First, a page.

I will stand up for the American Republic. I will not run, even though yesterday's election shows that the forces of hate outnumber the forces of compassion, even though the forces of ignorance outnumber the forces of enlightenment, and even though the forces of fear outnumber the forces of hope. The America that can elect a brand new Senator who can utter these words:

A belief that we are connected as one people. If there's a child on the south side of Chicago who can't read, that matters to me, even if it's not my child. If there's a senior citizen somewhere who can't pay for her prescription and has to choose between medicine and the rent, that makes my life poorer, even if it's not my grandmother. If there's an Arab American family being rounded up without benefit of an attorney or due process, that threatens my civil liberties. It's that fundamental belief--I am my brother's keeper, I am my sisters' keeper--that makes this country work. It's what allows us to pursue our individual dreams, yet still come together as a single American family. "E pluribus unum." Out of many, one.

Yet even as we speak, there are those who are preparing to divide us, the spin masters and negative ad peddlers who embrace the politics of anything goes. Well, I say to them tonight, there's not a liberal America and a conservative America--there's the United States of America. There's not a black America and white America and Latino America and Asian America; there's the United States of America. The pundits like to slice-and-dice our country into Red States and Blue States; Red States for Republicans, Blue States for Democrats. But I've got news for them, too. We worship an awesome God in the Blue States, and we don't like federal agents poking around our libraries in the Red States. We coach Little League in the Blue States and have gay friends in the Red States. There are patriots who opposed the war in Iraq and patriots who supported it. We are one people, all of us pledging allegiance to the stars and stripes, all of us defending the United States of America.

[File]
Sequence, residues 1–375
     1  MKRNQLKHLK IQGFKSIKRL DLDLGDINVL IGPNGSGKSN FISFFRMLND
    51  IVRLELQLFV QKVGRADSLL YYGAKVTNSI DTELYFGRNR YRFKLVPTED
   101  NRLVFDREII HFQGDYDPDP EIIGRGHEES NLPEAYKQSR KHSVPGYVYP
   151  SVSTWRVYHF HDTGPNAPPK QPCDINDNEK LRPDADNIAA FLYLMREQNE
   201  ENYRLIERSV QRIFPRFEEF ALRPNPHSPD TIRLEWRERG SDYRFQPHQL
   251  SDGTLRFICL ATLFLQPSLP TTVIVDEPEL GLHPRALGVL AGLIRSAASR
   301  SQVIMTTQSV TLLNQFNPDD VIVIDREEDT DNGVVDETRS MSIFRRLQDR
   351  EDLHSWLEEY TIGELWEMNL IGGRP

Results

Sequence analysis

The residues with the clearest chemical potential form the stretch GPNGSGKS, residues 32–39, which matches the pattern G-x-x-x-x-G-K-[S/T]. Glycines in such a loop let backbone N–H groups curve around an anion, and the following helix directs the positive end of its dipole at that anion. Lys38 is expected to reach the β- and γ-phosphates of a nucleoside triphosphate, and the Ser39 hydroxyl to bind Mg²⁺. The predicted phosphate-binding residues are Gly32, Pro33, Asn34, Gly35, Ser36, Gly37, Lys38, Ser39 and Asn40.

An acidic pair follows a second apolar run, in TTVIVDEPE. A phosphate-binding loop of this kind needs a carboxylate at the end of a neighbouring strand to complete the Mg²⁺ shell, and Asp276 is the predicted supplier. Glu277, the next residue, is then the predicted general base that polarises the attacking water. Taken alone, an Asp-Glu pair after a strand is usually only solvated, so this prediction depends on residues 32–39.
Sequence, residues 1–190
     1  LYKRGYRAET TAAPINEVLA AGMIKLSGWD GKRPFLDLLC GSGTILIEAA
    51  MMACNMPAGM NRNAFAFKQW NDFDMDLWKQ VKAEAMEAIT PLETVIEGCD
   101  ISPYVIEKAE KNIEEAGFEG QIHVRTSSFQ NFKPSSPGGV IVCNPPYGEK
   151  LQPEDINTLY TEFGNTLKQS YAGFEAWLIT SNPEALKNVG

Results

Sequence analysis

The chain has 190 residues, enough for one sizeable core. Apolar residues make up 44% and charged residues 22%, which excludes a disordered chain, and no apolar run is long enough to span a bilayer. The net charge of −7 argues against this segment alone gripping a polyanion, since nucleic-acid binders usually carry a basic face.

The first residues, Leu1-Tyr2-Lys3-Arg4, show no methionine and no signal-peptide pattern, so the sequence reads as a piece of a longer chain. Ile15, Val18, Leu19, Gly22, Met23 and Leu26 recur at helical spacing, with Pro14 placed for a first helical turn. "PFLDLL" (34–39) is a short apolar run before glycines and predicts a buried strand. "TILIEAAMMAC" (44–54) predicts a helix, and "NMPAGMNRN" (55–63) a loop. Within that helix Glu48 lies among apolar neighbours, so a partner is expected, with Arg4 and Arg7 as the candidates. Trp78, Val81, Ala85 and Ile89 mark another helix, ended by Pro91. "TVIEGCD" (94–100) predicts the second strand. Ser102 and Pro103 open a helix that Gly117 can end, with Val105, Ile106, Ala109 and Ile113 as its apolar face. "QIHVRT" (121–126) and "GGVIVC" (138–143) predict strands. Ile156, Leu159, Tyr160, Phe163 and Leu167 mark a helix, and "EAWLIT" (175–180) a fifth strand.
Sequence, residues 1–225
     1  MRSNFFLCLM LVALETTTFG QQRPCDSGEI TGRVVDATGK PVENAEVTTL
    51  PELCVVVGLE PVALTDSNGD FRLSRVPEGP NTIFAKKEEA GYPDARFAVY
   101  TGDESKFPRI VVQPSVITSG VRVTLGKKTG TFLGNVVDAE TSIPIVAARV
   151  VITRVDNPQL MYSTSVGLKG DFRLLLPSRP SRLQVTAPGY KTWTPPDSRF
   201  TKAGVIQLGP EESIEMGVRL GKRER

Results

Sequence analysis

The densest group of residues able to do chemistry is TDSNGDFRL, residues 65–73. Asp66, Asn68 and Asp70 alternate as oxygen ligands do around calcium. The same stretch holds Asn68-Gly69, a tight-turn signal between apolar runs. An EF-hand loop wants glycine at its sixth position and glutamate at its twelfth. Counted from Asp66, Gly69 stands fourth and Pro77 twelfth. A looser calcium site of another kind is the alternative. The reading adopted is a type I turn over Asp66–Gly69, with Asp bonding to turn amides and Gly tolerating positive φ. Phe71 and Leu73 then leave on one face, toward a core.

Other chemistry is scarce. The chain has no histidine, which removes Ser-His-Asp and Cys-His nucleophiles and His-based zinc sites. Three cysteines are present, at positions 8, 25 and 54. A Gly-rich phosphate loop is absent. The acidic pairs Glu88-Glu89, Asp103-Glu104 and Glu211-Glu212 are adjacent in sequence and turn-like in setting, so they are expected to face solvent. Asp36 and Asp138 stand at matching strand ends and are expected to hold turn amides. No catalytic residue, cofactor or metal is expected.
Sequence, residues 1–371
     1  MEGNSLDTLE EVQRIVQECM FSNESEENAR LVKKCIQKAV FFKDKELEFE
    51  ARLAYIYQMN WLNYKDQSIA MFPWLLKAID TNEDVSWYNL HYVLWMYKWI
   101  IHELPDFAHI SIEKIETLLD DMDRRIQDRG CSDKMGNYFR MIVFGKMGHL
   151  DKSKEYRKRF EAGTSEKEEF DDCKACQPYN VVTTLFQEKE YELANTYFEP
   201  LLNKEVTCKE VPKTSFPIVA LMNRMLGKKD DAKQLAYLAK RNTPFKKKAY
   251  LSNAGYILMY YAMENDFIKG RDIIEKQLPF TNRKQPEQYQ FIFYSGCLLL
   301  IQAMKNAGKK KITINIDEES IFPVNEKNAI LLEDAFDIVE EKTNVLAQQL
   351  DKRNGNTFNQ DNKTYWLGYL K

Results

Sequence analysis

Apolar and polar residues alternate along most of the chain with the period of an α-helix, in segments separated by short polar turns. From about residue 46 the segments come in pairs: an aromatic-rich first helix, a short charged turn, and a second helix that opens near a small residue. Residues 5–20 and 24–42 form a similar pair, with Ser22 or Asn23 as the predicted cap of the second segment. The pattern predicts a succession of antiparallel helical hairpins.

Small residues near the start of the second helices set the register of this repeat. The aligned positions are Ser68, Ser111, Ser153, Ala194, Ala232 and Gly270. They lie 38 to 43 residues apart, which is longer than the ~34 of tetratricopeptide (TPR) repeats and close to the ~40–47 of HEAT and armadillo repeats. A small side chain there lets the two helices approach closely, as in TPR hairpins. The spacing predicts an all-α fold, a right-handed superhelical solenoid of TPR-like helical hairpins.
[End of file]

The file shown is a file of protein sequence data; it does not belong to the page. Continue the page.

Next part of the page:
is an America that is worth fighting for. The fact that this new Senator does not have the same color skin as I do, makes America even more worth fighting for.

In military terms, the battle of Antietam was a tie. The Union army advanced about 200 yards during the course of the day. Nearly 15,000 men were traded for that tiny strip of land. On the other hand, those 200 yards enabled Lincoln to end slavery with the Emancipation Proclimation. 200 yards can be a long way on the march to freedom.

Today, I am proud to be an American. I plan to continue to make America better 200 yards at a time. Yesterday's loss is a only a minor setback. The ideal of an America for all Americans is far too important to run away from. The road is long, and we will reach a better place. Those 23,000 men gave the ultimate sacrifice to the American ideal of that better place. I will do my best to walk behind them.


At 1:26 PM, Blogger maki-girl said...

Excellent entry hoagieboy. I fully agree with you, and didn't quite feel so depressed about the whole election thanks to the bright spots, as you wrote about, and also the strides Democrats made in Vermont. Senator Leahy (D-VT) is a senior Democrat in the senate and I hope he will have some sort of good influence.